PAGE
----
In spite of all the hype about Internet of Things, Big Data, food hygiene and more emerging trends, a new pallet survey from Australia shows that pallets still are viewed as a necessary evil rather than as an opportunity to enhance their supply chains. Offered as an online survey, the Australian Pallet Survey 2017 received responses from 81 Australian business in May and June. Industry consultations generated further insights. The report (citing research from Freedonia) indicates that there are currently about 140 million pallets in the Australian pool with an annual replacement of 56 million pallets (which given the typical rule of thumb of six pallets per person for a developed economy, seems reasonable for a population of around 25 million people – RL).
According to the report, the pallet is perceived as a necessary piece of equipment with little intrinsic value in relation to the product supply chain. This view persists, in spite of indications that companies incur significant costs associated with their inability to control and manage pallet usage.
The report notes that this viewpoint may change in the future as trends such as “whole of the supply chain” product planning, increased material handling automation and tracking technologies become more entrenched.
Survey respondents cited cost as the prevailing concern for companies which buy or rent pallets. Daily rental price (51% of respondents), purchase price (38%), cost per use (15%) and total cost per year (28%) were selected. Other key factors included:
• Customer requirements
• Ability to reuse the pallet without repair
• Ability to clean the pallet
• Meeting regulatory requirements
• Ease of disposal
• Recyclability and life cycle impacts.
No surprise for the Australian market, 44% of respondent companies reported that the cost of pallets in purchase or rental was a concern. The biggest pallet problem reported by respondents has to do with pallet control, involving the management of pallet inventory and the loss of pallets (selected by 66% and 41% of respondents respectively).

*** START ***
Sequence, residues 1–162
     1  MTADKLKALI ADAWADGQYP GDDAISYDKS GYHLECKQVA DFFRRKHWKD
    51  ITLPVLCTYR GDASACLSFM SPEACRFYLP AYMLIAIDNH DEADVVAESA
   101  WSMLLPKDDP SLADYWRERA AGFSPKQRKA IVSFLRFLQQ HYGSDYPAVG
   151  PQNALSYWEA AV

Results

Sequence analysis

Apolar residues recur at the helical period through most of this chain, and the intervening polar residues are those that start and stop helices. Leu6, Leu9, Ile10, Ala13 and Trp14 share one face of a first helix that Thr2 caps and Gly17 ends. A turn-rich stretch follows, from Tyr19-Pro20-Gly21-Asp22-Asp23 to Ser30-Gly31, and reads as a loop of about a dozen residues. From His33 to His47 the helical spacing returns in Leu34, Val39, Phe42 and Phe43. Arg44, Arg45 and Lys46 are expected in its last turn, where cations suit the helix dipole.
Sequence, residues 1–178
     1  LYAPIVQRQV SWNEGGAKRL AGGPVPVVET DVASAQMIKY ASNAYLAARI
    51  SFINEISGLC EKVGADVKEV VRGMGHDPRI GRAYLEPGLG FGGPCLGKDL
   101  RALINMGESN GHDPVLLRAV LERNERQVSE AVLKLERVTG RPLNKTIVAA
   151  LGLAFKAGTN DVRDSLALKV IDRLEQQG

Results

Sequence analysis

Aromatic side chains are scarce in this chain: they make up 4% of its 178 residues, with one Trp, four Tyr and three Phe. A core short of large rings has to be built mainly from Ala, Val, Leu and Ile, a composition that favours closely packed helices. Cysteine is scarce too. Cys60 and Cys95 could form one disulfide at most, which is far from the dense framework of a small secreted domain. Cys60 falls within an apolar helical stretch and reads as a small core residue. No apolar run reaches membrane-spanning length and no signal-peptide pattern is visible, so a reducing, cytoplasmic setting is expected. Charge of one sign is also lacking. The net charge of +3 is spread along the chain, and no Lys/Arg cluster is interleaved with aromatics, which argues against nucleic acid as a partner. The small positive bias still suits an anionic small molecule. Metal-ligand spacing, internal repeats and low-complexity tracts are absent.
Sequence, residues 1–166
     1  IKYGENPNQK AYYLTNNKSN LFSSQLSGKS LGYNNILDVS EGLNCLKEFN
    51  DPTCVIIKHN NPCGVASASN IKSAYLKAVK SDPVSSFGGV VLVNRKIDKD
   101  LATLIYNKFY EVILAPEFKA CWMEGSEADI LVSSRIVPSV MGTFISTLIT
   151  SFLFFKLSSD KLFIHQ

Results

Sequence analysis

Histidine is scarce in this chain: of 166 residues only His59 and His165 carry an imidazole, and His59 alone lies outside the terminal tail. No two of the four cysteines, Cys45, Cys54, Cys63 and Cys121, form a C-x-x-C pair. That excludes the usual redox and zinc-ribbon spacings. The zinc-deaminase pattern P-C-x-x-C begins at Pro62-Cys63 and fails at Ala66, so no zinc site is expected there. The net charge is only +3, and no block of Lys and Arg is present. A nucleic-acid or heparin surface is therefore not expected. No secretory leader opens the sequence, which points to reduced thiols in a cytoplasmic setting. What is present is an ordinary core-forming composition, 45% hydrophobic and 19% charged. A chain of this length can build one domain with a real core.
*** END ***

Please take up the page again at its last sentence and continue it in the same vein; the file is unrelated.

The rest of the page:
Other concerns, in order of frequency, were:
• Availability when required
• Poor durability/pallet life
• Limited choice of suppliers
• Managing repairs of pallets
• Contamination risks
• Poor customer service from suppliers
• Variation in sizes e.g. EU standard preferred
• Pallet disposal costs
As the world’s most mature pallet pooling market, pooling dominates in Australia, with two-thirds of respondents saying they use rental pallets. Flexibility and purchase avoidance were cited as benefits of pooling, along with the elimination of repair responsibility. According to the report:
The downsides to the rental model were identified as the exposure to ongoing fees for lost pallets (80%), the total cost of pallet operations (48%) and a lack of transparency regarding costs (32%). Other less frequently selected issues associated with rental were the lack of control over pallet audits, theft of pallets, and the limited selection of pallet types.
Plastic pallets also were touched upon in the survey. Around 22% of surveyed businesses said they expected to expand their use of plastic pallets over the next two years as a result of customer requirements and regulatory mandates related to product and worker safety. Hygiene and avoidance of contamination were primary considerations favoring plastic pallets. Key concerns about plastic included rackability and strength. When questioned on the major disadvantages of plastic pallets, the cost was identified as the primary issue, while rackability was noted by 36% of responses as a concern, followed by repairability and load capability.
One problematic trend identified in the survey is pallet size diversity, creating material handling challenges in storage and freight. The growth of import pallets, retailer-configured pallets, and pallets associated with warehouse automation are contributing to pallet size diversity. The report identified increased importation of pallets from Asia and Europe as being an issue, along with a diversity of pallet footprints created by particular retailers.
The survey results indicated that pallet control remains a significant problem for the pallet owner, renter, and supplier. In spite of the costs involved, the problem is exasperated by a lack of effort in establishing effective pallet control. “While there are technologies available to track and trace the pallet,” a report about the survey in Transportation & Logistics News states, “these have proven too expensive to date to implement. It is unclear whether this is a false economy, given the costs associated with lost pallet inventory and as the technologies become more common.”